Submissions: Your Feedback

Submissions from people and organisations who have agreed to have their feedback published are provided below.

The views expressed in these submissions belong to their authors. The National Indigenous Australians Agency reserved the right not to publish submissions, or parts of submissions, that include, for example, material that is offensive, racist, potentially defamatory, personal information, is a copy of previously provided materials, or does not relate to the consultation process.

An auto-generated transcript of submissions provided as attachments has been made available to assist with accessibility. These transcripts may contain transcription errors. Please refer to the source file for the original content.

Please note not all submissions are provided in an attachment. For submissions without an attachment, click on the name of the person or organisation to view the text.

Site functionality has recently been improved. You can now search by participant name and submission number. You can also click on the number, date and participant column headings to sort the order of submissions.

Aboriginal and Torres Strait Islander people are advised that submissions may contain images or names of deceased people.

If you require any further assistance please contact Co-designVoice@niaa.gov.au.


Submission Number
Ruben Brown
Submission date

Ruben Brown
Warilla 2528

To whom it may concern

Submission for Co-design process

My name is Ruben Ernest Brown, I am a Yuin man and I grew up in Bulli in the Illawarra. When I was a child, myself and my two brothers were removed from my mother and placed in Keelong Boys Detention Centre in Wollongong. I now live in Warilla.

Why do you think the Uluru Statement from the Heart is important?
The Uluru Statement from the Heart has given me hope for our younger generations and a clear path forward determined by us.

How could a Voice to Parliament improve the lives of your community?
I would value the opportunity to have my voice heard and design solutions for our community that Aboriginal people have ownership over, such as solutions that are funded and determined BY the Aboriginal community.

Why do you think it's important to enshrine the Voice to Parliament in the Constitution, rather than include it only in legislation?
At this stage I understand that having the voice enshrined in the constitution will make it a more permanent fixture, however I do not feel yet that this will necessarily benefit our community and have concerns that this may take some of our rights away. I feel that this process should not be rushed through, and should engage in full consultation of the Australian community. This consultation should be promoted using all available resources so that all Australians can understand, contribute and make an unbiased decision when asked in a referendum to change the Constitution as this affects everybody. I feel that this would be properly in line with the Uluru Statement from the Heart.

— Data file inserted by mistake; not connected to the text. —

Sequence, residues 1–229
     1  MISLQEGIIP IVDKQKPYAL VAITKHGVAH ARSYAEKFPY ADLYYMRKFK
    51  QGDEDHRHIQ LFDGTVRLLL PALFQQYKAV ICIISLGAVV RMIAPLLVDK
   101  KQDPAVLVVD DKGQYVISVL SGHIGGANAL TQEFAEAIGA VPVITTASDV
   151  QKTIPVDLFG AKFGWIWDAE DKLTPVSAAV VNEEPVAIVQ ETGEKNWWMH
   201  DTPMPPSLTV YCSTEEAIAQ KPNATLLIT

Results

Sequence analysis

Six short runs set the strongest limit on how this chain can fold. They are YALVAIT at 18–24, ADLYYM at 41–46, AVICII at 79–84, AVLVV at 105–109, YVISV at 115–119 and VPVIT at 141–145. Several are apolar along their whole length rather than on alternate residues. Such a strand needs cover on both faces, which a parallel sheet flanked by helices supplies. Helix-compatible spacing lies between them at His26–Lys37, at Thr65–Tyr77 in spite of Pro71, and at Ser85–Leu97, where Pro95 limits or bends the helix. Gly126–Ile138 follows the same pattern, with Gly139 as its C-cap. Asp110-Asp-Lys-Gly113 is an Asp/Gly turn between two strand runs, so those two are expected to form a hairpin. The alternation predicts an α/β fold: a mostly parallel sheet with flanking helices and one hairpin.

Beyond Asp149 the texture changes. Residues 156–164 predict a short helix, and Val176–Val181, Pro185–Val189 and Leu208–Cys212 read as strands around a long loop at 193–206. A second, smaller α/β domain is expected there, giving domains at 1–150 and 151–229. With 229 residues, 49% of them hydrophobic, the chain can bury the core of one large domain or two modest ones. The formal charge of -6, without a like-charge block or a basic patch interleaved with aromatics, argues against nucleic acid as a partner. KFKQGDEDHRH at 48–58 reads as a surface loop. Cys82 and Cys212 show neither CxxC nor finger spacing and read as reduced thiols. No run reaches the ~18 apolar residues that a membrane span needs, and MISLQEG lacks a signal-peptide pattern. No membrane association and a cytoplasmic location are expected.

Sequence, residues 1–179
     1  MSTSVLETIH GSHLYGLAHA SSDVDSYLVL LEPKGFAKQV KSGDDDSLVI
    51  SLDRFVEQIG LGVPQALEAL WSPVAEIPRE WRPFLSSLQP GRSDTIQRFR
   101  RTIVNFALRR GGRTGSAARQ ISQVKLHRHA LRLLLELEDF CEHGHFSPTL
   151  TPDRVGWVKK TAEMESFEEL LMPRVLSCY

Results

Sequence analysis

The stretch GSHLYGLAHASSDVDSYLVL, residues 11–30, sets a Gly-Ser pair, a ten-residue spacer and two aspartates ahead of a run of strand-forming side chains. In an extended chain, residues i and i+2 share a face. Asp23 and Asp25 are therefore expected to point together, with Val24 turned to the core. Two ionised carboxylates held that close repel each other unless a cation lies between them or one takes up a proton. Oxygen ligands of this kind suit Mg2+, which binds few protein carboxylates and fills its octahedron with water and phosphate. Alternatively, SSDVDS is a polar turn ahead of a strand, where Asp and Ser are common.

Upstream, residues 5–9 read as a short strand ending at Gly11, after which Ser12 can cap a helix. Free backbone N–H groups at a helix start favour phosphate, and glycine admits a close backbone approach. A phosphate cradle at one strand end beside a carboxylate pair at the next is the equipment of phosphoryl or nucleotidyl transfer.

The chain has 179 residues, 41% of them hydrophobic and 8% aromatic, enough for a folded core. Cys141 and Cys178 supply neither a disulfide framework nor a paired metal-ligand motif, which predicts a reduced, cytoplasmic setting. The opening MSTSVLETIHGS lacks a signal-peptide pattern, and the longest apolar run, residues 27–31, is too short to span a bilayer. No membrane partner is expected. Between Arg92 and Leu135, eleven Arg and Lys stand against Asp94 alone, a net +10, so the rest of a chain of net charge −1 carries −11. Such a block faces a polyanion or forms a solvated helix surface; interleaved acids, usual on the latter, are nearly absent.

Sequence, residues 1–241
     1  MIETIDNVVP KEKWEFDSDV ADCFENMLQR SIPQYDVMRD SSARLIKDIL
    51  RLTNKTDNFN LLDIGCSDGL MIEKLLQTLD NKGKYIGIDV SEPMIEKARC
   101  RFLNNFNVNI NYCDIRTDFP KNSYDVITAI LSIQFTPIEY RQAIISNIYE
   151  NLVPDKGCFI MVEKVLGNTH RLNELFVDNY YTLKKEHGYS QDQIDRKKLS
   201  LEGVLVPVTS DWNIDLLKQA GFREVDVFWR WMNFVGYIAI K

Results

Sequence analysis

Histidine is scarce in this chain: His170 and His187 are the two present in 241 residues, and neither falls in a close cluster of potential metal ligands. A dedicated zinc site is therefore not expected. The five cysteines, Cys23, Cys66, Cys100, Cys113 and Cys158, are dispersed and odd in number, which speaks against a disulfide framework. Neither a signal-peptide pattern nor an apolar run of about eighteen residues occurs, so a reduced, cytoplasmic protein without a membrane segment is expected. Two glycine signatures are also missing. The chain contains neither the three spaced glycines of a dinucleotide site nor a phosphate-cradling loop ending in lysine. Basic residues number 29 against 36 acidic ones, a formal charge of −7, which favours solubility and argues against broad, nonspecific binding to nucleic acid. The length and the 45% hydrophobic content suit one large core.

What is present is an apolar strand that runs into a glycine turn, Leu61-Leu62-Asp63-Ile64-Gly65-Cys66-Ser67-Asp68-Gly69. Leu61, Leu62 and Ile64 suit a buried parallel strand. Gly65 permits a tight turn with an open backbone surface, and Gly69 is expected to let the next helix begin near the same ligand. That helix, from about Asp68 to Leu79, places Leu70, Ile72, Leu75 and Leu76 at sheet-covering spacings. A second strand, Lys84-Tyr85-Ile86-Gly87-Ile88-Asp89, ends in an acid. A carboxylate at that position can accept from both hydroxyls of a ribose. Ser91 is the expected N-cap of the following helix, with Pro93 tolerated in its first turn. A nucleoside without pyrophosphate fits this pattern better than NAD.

Why is it important for Indigenous people to have a say in the matters that affect them?
The government policy that allowed me to be removed from my family and placed in a detention centre as a child lead me to be a victim of sexual violence at the hands of government staff. This experience has resulted in great personal suffering which still impacts me day to day 36 years later. Government policies such as these have long done harm to Aboriginal people. I see this moment as an opportunity to seek a new government standard in Australia with the opportunity to find pathways to introduce Aboriginal laws, standards, procedures and protocols. I feel that Aboriginal people having a say over their own matters is important and will prevent further suffering to our people. I see the value in more attention being paid to our elders and their voices being heard not just in Australia but around the world, so that we can provide learnings from our long and enduring culture.

Beyond the Voice, I see a lot of potential for Aboriginal Australians to take ownership over the path forward, this could include: - Creating a fund with donations/contributions from Aboriginal Australians (eg $1 donation) - Funds from those on Centrelink payments could be put towards job creation. - Set up a board of elders, advocates, ex ADF, prominent aboriginal community members to make decisions on where funds are spent - Approach overseas investors who are currently on Aboriginal Australian soil mining or building. - Create a First Nations bank in partnership with existing banks (eg, Bendigo, IMB). - Campaign through letters, advertising to inform and encourage ATSI of benefit and potential vision of the scheme. - Funding could be put towards training and employment creation for Aboriginal kids, support for those with AOD addictions, counselling & psychology support. - Gather evidence, from historical records to provide education about peaceful behaviour that First Fleet observed when they landed Eg. No signs of violence amongst First nations mob. - Establish a yearly walk to promote/teach AOD skills, with tribal camps established along the walk to practice traditional methods. Structure in services to support recovery from AOD, psychology, DV support, health workers. - All Australians can learn from a National elders group through these walks, starting from Uluru, settling camps around the nation, walking troubled souls to good spiritual health.

Thank you,
Ruben Brown